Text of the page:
The easiest thing for me to do after my first trip to Anime Expo would be to complain about the management. And since it’s the elephant in the room, I guess I have to acknowledge it. Yes, the way this con is run is terrible – it’s like something from a Lovecraft story. I’ve been to many like-sized events in both the U.S. and Japan, and while the latter may be an unfair standard, even the U.S. cons have generally been much better in terms of line management and communication. Staff is a mix of affable volunteers who know nothing, and genuine DBs who seem drunk on power. And no one seems to know the policy as regards press (which is clearly posted on the A/X website).
Still, even taking all that into account A/X is a great event. There’s a ton of top-shelf programming and an unbelievable guest list. I wish they didn’t cram 98% of the really good stuff into Saturday and Sunday, because that forced me to miss several things I really wanted to see due to scheduling conflicts, while Friday and Sunday had almost nothing I wanted to attend. But in a matter of two days I saw a Shinkai world premiere with the director in the hall (sneaking around in the dark to gauge reactions), heard from the founders of P.A. Works and Bones, and interviewed two of my heroes from FLCL. Not even A/X mismanagement can tarnish that for me.
It was also great seeing just how passionate American fans still are for anime. Attendance was over 100K for the four days, and while that still pales next to Comiket (500,000 in three) it’s impressive. And the sheer scope of Artist’s Alley makes me believe that the U.S. could support a full-on Comiket style event, either in conjunction with A/X or as a standalone. I’ll definitely plan to be back, with a few lessons I learned this year tucked under my belt.
This was the most fun I’ve ever had at Anime Expo! I got to meet up with lots of friends, both new and old, and experienced so many things.
The biggest highlight for me was seeing ZUN, the creator of the Touhou Project. As a fan of doujin music, I’m just awestruck by seeing not just seeing him, but Yuro and JYUNYA, the creators of Touhou Genso Rondo: Bullet Ballet and Touhou Genso Wanderer. Hearing their thoughts on Japanese and Western fans, Touhou, and game development was interesting, and as expected ZUN had a cup of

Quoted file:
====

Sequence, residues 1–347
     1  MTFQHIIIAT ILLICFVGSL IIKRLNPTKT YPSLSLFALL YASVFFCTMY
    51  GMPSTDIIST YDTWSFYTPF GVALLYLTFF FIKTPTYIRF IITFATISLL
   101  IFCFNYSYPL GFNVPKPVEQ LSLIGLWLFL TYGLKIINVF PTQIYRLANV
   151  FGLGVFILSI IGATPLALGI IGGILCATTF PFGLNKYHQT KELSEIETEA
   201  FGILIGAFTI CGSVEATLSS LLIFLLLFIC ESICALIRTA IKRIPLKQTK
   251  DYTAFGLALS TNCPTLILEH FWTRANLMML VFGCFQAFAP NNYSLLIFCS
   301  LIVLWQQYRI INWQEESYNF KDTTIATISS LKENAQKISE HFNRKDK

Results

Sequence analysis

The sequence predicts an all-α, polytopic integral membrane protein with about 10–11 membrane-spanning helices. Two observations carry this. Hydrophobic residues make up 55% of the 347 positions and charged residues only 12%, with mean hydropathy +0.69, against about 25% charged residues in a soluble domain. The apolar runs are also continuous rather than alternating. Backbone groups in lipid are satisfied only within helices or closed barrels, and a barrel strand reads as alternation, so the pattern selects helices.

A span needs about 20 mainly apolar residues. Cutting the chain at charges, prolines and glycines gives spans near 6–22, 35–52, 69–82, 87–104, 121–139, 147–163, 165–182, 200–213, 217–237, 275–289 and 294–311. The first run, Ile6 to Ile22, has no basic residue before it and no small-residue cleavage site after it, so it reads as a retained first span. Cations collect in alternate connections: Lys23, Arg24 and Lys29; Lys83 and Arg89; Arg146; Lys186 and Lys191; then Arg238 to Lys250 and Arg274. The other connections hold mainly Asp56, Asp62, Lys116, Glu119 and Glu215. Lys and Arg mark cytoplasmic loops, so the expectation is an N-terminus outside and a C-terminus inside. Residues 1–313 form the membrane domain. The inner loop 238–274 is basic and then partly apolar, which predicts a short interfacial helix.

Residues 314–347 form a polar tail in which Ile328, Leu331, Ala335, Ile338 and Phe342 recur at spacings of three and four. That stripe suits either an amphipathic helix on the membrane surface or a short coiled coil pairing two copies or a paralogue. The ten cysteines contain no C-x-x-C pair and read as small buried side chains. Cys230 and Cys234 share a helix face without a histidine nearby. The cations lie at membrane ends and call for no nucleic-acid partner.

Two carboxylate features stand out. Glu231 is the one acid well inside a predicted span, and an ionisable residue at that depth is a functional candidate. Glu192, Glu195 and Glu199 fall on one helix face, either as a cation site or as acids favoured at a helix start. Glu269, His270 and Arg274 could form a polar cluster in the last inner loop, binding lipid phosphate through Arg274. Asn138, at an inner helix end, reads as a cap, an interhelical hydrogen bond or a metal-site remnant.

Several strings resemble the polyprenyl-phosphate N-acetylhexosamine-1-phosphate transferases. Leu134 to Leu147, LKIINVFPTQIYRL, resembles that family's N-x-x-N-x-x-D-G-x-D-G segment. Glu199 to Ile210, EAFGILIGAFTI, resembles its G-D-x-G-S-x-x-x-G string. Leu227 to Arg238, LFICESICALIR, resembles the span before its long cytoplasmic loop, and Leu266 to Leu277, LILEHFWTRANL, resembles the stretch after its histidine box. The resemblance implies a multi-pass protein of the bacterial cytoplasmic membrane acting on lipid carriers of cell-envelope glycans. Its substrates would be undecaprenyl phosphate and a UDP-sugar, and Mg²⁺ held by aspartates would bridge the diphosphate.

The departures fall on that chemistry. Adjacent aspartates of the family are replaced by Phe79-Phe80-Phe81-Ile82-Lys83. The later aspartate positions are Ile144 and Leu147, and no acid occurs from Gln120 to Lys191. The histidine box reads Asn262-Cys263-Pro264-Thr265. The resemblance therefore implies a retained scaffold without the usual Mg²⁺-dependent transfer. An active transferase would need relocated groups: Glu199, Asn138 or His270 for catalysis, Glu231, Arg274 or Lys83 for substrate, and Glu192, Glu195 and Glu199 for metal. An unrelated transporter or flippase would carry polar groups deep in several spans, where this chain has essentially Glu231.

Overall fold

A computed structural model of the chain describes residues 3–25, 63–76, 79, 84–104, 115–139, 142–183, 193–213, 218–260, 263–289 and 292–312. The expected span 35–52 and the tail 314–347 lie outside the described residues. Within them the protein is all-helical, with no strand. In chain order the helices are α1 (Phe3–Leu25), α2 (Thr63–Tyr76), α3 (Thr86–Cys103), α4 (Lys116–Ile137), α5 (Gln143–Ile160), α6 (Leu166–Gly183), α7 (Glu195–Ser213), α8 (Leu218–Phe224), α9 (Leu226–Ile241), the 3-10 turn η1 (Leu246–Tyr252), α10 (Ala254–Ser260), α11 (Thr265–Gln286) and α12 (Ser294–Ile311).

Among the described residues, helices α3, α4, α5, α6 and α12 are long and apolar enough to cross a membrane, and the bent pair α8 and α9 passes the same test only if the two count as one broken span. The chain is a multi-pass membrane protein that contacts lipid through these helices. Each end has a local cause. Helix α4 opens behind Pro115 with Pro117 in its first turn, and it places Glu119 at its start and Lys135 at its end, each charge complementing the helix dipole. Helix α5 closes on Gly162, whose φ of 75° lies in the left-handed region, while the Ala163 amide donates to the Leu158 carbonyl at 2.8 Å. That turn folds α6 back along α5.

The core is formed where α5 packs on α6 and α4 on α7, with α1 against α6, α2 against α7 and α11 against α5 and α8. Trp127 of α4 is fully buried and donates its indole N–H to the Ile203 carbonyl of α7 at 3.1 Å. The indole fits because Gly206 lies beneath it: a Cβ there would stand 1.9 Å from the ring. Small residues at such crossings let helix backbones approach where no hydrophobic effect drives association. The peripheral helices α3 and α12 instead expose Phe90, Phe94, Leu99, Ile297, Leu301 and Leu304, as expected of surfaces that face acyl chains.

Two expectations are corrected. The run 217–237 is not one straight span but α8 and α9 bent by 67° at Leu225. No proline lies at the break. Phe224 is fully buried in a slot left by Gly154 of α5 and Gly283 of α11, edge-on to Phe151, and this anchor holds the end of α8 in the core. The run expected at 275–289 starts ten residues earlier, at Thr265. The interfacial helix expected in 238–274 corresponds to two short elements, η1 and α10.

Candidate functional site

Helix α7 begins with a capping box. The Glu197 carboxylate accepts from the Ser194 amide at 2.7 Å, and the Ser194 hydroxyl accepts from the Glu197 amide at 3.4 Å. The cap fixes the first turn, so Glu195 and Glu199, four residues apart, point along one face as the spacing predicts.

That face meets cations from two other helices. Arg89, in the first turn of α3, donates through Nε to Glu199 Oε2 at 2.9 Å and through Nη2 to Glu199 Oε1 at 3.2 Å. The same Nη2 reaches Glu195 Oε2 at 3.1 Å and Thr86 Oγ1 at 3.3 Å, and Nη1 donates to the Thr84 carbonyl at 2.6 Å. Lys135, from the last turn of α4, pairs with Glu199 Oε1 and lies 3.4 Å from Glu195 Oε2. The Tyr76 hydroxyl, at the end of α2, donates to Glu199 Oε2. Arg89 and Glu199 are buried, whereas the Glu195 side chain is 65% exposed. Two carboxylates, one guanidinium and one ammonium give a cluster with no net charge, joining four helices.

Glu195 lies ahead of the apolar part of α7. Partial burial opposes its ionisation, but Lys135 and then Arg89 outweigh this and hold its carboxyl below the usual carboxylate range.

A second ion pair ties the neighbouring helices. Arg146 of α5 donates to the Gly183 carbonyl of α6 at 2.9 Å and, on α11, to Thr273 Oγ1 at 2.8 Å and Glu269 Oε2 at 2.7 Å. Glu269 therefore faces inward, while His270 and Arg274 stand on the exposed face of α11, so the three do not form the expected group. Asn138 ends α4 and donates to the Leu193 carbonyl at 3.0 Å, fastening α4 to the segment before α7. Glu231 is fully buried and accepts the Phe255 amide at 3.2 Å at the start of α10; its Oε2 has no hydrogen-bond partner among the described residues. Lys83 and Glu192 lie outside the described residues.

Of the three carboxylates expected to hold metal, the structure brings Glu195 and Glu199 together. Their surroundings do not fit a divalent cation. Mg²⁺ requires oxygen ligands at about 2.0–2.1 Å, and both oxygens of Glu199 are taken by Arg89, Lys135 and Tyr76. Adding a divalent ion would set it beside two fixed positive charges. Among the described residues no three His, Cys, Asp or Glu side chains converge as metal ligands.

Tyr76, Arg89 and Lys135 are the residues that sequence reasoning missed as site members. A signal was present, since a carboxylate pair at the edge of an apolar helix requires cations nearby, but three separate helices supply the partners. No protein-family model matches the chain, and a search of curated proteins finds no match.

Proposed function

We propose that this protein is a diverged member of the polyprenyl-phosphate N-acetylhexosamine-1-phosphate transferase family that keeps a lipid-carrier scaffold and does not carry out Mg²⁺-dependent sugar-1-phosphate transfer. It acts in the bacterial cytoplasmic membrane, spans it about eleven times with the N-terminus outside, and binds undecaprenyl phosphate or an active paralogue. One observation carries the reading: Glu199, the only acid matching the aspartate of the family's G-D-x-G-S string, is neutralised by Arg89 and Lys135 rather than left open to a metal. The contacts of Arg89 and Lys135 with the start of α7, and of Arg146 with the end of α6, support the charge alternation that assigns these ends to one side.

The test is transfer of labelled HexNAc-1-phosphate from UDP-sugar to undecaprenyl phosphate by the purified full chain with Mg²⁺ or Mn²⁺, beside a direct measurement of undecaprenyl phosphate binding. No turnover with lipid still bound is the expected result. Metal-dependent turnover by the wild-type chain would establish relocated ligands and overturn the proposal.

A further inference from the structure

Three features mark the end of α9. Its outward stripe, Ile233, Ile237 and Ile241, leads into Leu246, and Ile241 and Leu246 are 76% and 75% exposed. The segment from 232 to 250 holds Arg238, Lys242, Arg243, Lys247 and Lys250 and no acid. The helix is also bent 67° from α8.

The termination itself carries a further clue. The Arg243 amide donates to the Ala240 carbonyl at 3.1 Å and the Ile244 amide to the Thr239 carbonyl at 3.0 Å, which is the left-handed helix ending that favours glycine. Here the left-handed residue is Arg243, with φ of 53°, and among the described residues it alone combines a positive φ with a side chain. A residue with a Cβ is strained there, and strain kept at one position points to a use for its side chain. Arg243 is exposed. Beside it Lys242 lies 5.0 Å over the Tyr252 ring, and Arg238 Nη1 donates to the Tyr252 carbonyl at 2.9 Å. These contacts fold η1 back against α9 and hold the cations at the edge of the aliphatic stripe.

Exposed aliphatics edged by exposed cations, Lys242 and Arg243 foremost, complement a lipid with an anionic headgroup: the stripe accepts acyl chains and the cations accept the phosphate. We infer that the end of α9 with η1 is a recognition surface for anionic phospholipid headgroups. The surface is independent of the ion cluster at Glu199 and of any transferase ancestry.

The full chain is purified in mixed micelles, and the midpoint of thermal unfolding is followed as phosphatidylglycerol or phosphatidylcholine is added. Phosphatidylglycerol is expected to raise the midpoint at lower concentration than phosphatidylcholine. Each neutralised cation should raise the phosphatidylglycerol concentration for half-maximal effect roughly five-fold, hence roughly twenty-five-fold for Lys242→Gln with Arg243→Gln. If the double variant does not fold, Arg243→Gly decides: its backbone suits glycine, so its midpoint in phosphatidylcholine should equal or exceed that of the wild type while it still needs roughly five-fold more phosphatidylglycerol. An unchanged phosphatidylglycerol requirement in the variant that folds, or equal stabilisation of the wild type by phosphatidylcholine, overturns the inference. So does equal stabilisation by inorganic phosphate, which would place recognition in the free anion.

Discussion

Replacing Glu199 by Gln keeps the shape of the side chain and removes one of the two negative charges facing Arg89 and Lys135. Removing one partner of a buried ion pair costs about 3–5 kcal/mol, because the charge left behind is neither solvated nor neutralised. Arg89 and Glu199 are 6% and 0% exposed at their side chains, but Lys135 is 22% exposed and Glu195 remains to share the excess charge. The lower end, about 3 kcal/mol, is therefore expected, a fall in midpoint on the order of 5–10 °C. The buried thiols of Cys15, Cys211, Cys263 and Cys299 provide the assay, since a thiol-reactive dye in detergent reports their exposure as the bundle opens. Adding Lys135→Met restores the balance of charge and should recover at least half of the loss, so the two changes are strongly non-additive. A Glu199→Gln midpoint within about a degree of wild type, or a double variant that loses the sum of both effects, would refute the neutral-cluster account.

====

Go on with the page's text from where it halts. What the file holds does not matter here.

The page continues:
Another highlight was the watching the premiere of Makoto Shinkai’s your name. True to Shinkai’s work, there’s plenty of scenery porn, the characters were likeable, and everything in the story was tied together neatly. I enjoyed this more than Garden of Words, and as much as I want to talk about it with my friends anything I say will probably ruin the story. Please watch this, it’s amazing.
The other things that come to mind are the Overwatch cosplay meetup (sitting in the sun for an hour, the things I do for my fandom), watching the first two episodes of Mob Psycho 100, and ultimately missing out on the Japan Super Live concert, despite buying tickets for it. Thank you unannounced family plans.
But some things can be improved. For example, picking up my press badge was difficult, as I was directed all over the place before I (ran into Enzo and) finally got where I needed to be. And there were times when I had to help a friend line up for a panel, and it wasn’t obvious where the line for the panel was. You might think the line would be next to the room, but in some cases you’ll have to go down the stairs, walk through the food court, take a right to go outside, cross the bridge, head down the stairs to the left, and then find the line under the tent! I knew all of this because I’ve been to Anime Expo before, but my friend visiting for the first time didn’t. And while I’m not an artist, I’ve heard that the lack of air conditioning in the Artist Alley was a big deal.
But overall, Anime Expo was fun, and I would totally go again.
“Luckily I also had Guardian Enzo, Xumbra, and Jig there to cover things in my steed…”
“the Artist Alley was moved downstairs this year in favor of expanding the Dealer’s Hall.”
“… made the whole area feel like a hot swampy mess”
“growing pains for a convention this large, especially when they try something new, I have to give props to the artists and their booth buddies for enduring the rough environment.”
“I also appreciated the extra security both from the convention itself and from more frequent citing of police..”
“The easiest thing for me to do after my first trip to Anime Expo would be to complain about the management. And since it’s the elephant in the room, I guess I have to acknowledge it.”
“There’s a ton of top-shelf programming and an unbelievable guest list. I wish they didn’t cram 98% of the really good stuff into Saturday and Sunday…”
“And the sheer scope of Artist’s Alley makes me believe that the U.S. could support a full-on Comiket style event”
“This was the most fun I’ve ever had at Anime Expo! I got to meet up with lots of friends, both new and old, and experienced so many things.”
“The biggest highlight for me was seeing ZUN, the creator of the Touhou Project. As a fan of doujin music, I’m just awestruck by seeing not just seeing him, but Yuro and JYUNYA…”
“But overall, Anime Expo was fun, and I would totally go again.”